Osteoporosis International

, Volume 24, Issue 6, pp 1869–1879

Racial differences in cortical bone and their relationship to biochemical variables in Black and White children in the early stages of puberty

Authors

    • Center for Translational Musculoskeletal Research and Department of Physical Therapy, School of Health and Rehabilitation SciencesIndiana University
  • K. M. Hill
    • Department of MedicineIndiana University School of Medicine
  • A. J. Ferira
    • Department of Foods and Nutrition, College of Family and Consumer SciencesUniversity of Georgia
  • E. M. Laing
    • Department of Foods and Nutrition, College of Family and Consumer SciencesUniversity of Georgia
  • B. R. Martin
    • Department of Foods and Nutrition, College of Consumer and Family SciencesPurdue University
  • D. B. Hausman
    • Department of Foods and Nutrition, College of Family and Consumer SciencesUniversity of Georgia
  • C. M. Weaver
    • Department of Foods and Nutrition, College of Consumer and Family SciencesPurdue University
  • M. Peacock
    • Department of MedicineIndiana University School of Medicine
  • R. D. Lewis
    • Department of Foods and Nutrition, College of Family and Consumer SciencesUniversity of Georgia
Original Article

DOI: 10.1007/s00198-012-2174-8

Cite this article as:
Warden, S.J., Hill, K.M., Ferira, A.J. et al. Osteoporos Int (2013) 24: 1869. doi:10.1007/s00198-012-2174-8

Abstract

Summary

Osteoporotic fracture rates differ according to race with Blacks having up to half the rate of Whites. The current study demonstrates that racial divergence in cortical bone properties develops in early childhood despite lower serum 25-hydroxyvitamin D in Blacks.

Introduction

Racial differences in bone structure likely have roots in childhood as bone size develops predominantly during growth. This study aimed to compare cortical bone health within the tibial diaphysis of Black and White children in the early stages of puberty and explore the contributions of biochemical variables in explaining racial variation in cortical bone properties.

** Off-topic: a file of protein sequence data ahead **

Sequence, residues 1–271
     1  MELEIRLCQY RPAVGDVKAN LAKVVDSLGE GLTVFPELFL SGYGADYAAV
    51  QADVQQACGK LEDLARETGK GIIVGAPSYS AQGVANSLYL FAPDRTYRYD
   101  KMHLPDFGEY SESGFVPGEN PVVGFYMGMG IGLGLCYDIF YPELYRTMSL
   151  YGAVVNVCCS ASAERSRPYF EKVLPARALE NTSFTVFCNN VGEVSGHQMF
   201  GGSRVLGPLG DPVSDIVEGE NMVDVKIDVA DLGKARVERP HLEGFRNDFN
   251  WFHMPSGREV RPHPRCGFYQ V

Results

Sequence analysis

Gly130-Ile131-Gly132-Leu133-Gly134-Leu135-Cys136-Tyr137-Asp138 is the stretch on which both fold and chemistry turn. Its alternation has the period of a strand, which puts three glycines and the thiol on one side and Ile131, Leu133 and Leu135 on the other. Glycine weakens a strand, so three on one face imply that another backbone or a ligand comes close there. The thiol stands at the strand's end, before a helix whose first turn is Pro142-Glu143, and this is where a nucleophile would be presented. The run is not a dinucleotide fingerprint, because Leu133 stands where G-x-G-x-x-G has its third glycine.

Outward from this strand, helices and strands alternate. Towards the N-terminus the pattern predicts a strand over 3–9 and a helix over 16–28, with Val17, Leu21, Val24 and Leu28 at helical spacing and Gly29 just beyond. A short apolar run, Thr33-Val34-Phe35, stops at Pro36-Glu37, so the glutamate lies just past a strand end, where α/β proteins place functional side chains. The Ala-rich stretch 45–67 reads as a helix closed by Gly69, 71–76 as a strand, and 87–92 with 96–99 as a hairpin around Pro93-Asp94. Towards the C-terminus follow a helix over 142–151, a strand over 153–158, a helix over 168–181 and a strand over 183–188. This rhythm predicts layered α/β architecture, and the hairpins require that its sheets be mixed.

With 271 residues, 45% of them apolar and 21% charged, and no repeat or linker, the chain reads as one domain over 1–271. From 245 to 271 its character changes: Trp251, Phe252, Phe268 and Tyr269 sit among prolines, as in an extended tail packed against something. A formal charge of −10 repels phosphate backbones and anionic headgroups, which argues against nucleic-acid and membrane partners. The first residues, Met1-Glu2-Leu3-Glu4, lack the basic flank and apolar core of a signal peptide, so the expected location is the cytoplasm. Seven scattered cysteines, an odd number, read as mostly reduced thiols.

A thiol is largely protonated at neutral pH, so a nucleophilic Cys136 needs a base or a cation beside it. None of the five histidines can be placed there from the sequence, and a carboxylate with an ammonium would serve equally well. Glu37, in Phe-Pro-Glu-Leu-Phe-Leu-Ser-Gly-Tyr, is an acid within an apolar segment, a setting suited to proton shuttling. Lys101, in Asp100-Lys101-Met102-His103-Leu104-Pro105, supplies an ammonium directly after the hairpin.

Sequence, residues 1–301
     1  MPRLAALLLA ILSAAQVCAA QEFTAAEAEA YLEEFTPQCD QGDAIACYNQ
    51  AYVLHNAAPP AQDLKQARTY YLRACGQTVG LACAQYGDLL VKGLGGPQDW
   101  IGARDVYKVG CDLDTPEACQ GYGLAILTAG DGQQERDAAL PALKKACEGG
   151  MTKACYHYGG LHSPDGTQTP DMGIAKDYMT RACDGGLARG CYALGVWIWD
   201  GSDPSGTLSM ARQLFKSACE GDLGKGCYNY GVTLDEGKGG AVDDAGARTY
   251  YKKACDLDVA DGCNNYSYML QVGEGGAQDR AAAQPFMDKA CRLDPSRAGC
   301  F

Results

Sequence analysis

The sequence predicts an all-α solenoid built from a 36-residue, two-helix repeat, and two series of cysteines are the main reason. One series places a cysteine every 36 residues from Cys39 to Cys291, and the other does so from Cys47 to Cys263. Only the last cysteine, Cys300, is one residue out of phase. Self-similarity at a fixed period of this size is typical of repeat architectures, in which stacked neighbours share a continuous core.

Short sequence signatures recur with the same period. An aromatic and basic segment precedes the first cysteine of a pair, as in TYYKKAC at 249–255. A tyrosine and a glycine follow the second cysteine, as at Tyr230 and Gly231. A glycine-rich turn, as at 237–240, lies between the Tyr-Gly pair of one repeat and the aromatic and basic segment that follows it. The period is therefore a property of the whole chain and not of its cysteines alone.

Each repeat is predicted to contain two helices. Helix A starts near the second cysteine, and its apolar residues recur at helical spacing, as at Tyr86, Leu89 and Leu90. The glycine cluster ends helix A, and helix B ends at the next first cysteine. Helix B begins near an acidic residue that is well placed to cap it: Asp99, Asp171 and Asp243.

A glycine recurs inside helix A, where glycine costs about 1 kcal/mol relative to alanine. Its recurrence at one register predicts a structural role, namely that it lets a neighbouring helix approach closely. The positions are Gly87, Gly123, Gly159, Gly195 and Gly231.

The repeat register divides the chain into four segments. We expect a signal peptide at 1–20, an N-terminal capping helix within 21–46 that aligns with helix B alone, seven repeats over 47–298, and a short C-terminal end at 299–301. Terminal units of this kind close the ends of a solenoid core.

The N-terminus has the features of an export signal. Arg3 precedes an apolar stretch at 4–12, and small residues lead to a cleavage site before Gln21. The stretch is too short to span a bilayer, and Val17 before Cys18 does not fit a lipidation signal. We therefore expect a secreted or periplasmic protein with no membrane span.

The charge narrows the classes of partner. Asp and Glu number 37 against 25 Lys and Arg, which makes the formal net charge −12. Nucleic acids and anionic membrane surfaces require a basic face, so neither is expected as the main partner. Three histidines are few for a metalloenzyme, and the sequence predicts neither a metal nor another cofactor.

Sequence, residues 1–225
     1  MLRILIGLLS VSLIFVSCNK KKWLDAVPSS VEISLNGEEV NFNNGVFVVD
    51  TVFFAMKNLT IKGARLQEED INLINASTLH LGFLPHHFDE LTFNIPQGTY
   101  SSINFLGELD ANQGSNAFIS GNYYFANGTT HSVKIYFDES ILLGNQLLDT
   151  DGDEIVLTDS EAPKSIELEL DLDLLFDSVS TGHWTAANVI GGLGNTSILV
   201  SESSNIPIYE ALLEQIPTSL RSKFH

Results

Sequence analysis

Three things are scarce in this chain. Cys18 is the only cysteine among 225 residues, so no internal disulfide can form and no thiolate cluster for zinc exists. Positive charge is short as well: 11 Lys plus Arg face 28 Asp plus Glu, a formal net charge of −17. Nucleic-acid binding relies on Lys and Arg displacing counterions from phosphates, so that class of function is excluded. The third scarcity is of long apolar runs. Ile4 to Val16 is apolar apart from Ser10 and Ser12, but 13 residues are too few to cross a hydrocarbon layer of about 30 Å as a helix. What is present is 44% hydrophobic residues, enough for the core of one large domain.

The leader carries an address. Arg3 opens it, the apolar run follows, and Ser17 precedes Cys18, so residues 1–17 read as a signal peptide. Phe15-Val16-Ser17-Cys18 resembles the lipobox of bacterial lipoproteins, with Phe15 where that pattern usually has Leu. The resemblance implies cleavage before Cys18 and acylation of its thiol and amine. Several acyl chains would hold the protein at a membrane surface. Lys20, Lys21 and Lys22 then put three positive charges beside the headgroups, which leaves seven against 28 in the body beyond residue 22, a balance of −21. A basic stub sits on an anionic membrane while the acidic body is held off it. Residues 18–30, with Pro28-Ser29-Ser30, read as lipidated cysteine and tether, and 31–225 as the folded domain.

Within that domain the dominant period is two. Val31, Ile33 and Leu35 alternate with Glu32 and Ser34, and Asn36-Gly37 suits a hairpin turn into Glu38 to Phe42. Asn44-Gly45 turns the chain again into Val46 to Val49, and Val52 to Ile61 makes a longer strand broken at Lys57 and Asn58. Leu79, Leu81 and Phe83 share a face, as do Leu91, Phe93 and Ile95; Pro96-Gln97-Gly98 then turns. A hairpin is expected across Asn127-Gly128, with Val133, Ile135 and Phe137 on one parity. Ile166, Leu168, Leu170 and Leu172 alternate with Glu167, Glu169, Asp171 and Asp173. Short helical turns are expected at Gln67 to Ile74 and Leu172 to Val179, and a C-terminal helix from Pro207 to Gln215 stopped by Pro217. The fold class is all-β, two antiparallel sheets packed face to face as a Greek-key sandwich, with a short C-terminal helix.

Methods

A cross-sectional study was performed comparing peripheral quantitative computed tomography-derived cortical bone measures of the tibial diaphysis and biochemical variables in 314 participants (n = 155 males; n = 164 Blacks) in the early stages of puberty.

Results

Blacks had greater cortical volumetric bone mineral density, mass, and size compared to Whites (all p < 0.01), contributing to Blacks having 17.0 % greater tibial strength (polar strength–strain index (SSIP)) (p < 0.001). Turnover markers indicated that Blacks had higher bone formation (osteocalcin (OC) and bone-specific alkaline phosphatase) and lower bone resorption (N-terminal telopeptide) than Whites (all p < 0.01). Blacks also had lower 25-hydroxyvitamin D (25(OH)D) and higher 1,25-dihydroxyvitamin D (1,25(OH)2D) and parathyroid hormone (PTH) (all p < 0.05). There were no correlations between tibial bone properties and 25(OH)D and PTH in Whites (all p ≥ 0.10); however, SSIP was negatively and positively correlated with 25(OH)D and PTH in Blacks, respectively (all p ≤ 0.02). Variation in bone cross-sectional area and SSIP attributable to race was partially explained by tibial length, 25(OH)D/PTH, and OC.